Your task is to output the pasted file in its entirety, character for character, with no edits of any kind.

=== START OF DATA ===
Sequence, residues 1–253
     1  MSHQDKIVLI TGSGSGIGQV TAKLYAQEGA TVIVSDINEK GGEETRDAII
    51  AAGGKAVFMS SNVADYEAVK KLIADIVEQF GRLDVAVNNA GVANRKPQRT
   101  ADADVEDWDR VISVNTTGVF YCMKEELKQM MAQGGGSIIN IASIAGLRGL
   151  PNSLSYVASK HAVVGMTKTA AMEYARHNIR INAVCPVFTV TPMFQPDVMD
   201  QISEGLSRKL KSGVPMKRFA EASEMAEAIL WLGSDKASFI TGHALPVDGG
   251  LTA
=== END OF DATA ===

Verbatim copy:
Sequence, residues 1–253
     1  MSHQDKIVLI TGSGSGIGQV TAKLYAQEGA TVIVSDINEK GGEETRDAII
    51  AAGGKAVFMS SNVADYEAVK KLIADIVEQF GRLDVAVNNA GVANRKPQRT
   101  ADADVEDWDR VISVNTTGVF YCMKEELKQM MAQGGGSIIN IASIAGLRGL
   151  PNSLSYVASK HAVVGMTKTA AMEYARHNIR INAVCPVFTV TPMFQPDVMD
   201  QISEGLSRKL KSGVPMKRFA EASEMAEAIL WLGSDKASFI TGHALPVDGG
   251  LTA